How to Respond to Angry Email: Work on Your Strategy

How to Respond to Angry Email: Work on Your Strategy
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Understanding how to respond to angry email has become a necessity with the ever-increasing reliance on the Internet for communication.

Unfortunately, the ease and speed at which you can send email has led many people to forget at times that they are talking to a real human being. They wind up writing things that they would never say to someone in person.

From the first time you get your own email address and give it out to other people, you open yourself up to these kinds of emails. Here are a few tips on how to deal with them.

How to Respond to Angry Email from Your Boss or a Co-worker

First–before you answer an angry email from anyone–you should take a moment and practice a few anger management techniques, such as counting to 10 and slow, deep breathing.

It is better to wait rather than reply to an angry email right away. Next, read the email carefully and see if your boss or co-worker made any valid points. If it is something that you can fix, do so as soon as possible. When writing back, mention where they were right and what you have done to resolve things.

Apologize if it applies to the situation. In dealings with your boss, you should leave it there or–if the issue is serious–schedule a face-to-face meeting.

If you are responding to a co-worker, you may want to take the time to point out where they may have been wrong and tell them your side of the story. Always keep copies of all of the emails and if the situation escalates, involve a supervisor or an objective third party to help resolve things.

How to Respond to Angry Email from a Client


Clients can become angry for a variety of reasons, and especially when they think they have been treated unfairly. If you get an angry email from a client, there are a few things that you should do. First, look over the client’s email to identify the problem and see what you can do to solve it. Once you have taken steps to resolve the situation, email your client back and tell them what you have done. Keep the language as neutral as possible. If the client continues to have a problem, put them in touch with someone else who can help them. For clients who are very abusive, tell them what you have done to fix their problem and to contact your supervisor if they are not satisfied. If you have the authority, you may want to tell the client that you will no longer do business with them if they remain abusive in their correspondence. Remember to keep copies of every email you send and receive in this type of situation.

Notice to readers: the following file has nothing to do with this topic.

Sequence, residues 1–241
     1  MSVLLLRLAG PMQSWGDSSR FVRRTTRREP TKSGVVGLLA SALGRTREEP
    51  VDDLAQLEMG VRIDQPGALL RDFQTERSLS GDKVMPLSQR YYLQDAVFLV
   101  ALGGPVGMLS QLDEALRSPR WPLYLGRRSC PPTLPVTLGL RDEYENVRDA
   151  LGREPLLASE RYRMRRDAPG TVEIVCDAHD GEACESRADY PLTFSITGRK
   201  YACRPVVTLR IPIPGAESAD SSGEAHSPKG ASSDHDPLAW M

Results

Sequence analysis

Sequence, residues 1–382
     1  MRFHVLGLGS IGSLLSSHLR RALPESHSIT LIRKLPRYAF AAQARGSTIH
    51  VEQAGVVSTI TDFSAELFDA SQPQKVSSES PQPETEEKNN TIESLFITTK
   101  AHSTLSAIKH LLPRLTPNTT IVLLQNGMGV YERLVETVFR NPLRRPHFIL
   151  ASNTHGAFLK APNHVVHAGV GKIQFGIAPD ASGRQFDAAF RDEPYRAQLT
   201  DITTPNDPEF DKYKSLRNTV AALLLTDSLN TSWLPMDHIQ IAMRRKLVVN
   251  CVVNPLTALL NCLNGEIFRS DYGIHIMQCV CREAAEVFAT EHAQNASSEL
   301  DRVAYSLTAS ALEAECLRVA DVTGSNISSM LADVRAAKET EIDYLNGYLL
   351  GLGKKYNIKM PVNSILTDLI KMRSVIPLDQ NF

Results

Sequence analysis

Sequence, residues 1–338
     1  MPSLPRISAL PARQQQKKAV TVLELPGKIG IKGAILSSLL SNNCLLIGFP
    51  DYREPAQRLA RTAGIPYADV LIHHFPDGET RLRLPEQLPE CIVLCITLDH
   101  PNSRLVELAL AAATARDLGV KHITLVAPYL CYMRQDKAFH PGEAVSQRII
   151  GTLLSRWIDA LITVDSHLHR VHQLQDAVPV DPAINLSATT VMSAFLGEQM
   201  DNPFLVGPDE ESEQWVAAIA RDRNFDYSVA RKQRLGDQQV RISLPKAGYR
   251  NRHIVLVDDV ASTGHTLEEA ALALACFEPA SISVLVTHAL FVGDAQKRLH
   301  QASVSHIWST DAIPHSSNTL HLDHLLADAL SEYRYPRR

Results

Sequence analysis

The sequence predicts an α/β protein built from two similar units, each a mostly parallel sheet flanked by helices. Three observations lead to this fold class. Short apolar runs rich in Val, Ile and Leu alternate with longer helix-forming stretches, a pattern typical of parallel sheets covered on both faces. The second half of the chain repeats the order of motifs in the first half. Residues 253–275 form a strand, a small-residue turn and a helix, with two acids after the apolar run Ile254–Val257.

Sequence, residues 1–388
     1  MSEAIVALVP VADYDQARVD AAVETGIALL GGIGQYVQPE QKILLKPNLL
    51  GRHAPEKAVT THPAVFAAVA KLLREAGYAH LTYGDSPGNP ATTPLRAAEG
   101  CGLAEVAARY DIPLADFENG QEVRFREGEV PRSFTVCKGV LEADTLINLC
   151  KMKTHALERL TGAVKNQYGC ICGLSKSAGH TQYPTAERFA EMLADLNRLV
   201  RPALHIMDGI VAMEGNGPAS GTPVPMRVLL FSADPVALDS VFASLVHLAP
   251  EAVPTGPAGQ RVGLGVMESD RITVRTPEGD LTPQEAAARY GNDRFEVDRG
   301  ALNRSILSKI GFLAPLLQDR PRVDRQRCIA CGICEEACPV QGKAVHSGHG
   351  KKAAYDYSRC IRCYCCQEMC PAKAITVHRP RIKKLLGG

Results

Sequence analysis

How to Respond to Angry Email from a Family Member or Close Friend


Dealing with angry emails from friends and family can be difficult. There are so many different emotions involved. Before you respond, take the time to think things over and look at them from the other person’s perspective and do not just dismiss their feelings. It is likely that there is some fault on both sides. Once you have looked over the email and identified the issues, take steps to fix what you can. Then, start out positive and tell them what you have done to fix the situation. After that, gently point out their mistakes and tell them your side of the situation. Remember that even if they were wrong, you should not try to make them feel stupid or guilty. If possible, you should meet this family member or friend in person to discuss the issue and help maintain your relationship. It is all too easy to misunderstand what someone has written because can be difficult to convey a certain tone of voice in an email.

Final Note

Remember to practice anger management techniques and really think before you reply to an angry email. Finally, after you make your own email address take the time to learn “netiquette”–including how to respond to angry email–to try and prevent problems from occurring.

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